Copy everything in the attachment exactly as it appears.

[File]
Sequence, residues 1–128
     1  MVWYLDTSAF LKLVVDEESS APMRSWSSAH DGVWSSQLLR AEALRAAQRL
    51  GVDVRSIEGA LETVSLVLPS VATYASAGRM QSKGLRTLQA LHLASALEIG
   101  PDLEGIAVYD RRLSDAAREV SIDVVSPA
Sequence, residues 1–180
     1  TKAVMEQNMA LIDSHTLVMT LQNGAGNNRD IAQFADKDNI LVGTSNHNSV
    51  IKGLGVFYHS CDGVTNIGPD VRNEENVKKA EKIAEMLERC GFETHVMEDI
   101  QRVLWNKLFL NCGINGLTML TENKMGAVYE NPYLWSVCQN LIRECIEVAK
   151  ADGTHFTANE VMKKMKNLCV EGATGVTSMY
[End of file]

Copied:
Sequence, residues 1–128
     1  MVWYLDTSAF LKLVVDEESS APMRSWSSAH DGVWSSQLLR AEALRAAQRL
    51  GVDVRSIEGA LETVSLVLPS VATYASAGRM QSKGLRTLQA LHLASALEIG
   101  PDLEGIAVYD RRLSDAAREV SIDVVSPA
Sequence, residues 1–180
     1  TKAVMEQNMA LIDSHTLVMT LQNGAGNNRD IAQFADKDNI LVGTSNHNSV
    51  IKGLGVFYHS CDGVTNIGPD VRNEENVKKA EKIAEMLERC GFETHVMEDI
   101  QRVLWNKLFL NCGINGLTML TENKMGAVYE NPYLWSVCQN LIRECIEVAK
   151  ADGTHFTANE VMKKMKNLCV EGATGVTSMY